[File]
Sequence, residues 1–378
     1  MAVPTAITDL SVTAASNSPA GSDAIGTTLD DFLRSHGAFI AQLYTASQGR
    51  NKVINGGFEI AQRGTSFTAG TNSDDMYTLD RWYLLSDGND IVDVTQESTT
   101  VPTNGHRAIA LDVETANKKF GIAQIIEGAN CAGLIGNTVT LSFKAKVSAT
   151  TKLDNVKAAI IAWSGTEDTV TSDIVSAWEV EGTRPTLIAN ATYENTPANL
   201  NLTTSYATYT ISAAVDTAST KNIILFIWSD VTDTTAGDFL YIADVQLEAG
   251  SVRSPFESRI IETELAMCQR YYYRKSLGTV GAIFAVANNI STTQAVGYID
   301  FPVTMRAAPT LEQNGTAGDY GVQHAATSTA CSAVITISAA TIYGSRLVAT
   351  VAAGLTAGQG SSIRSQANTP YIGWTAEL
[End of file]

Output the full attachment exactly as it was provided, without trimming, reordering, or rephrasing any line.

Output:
Sequence, residues 1–378
     1  MAVPTAITDL SVTAASNSPA GSDAIGTTLD DFLRSHGAFI AQLYTASQGR
    51  NKVINGGFEI AQRGTSFTAG TNSDDMYTLD RWYLLSDGND IVDVTQESTT
   101  VPTNGHRAIA LDVETANKKF GIAQIIEGAN CAGLIGNTVT LSFKAKVSAT
   151  TKLDNVKAAI IAWSGTEDTV TSDIVSAWEV EGTRPTLIAN ATYENTPANL
   201  NLTTSYATYT ISAAVDTAST KNIILFIWSD VTDTTAGDFL YIADVQLEAG
   251  SVRSPFESRI IETELAMCQR YYYRKSLGTV GAIFAVANNI STTQAVGYID
   301  FPVTMRAAPT LEQNGTAGDY GVQHAATSTA CSAVITISAA TIYGSRLVAT
   351  VAAGLTAGQG SSIRSQANTP YIGWTAEL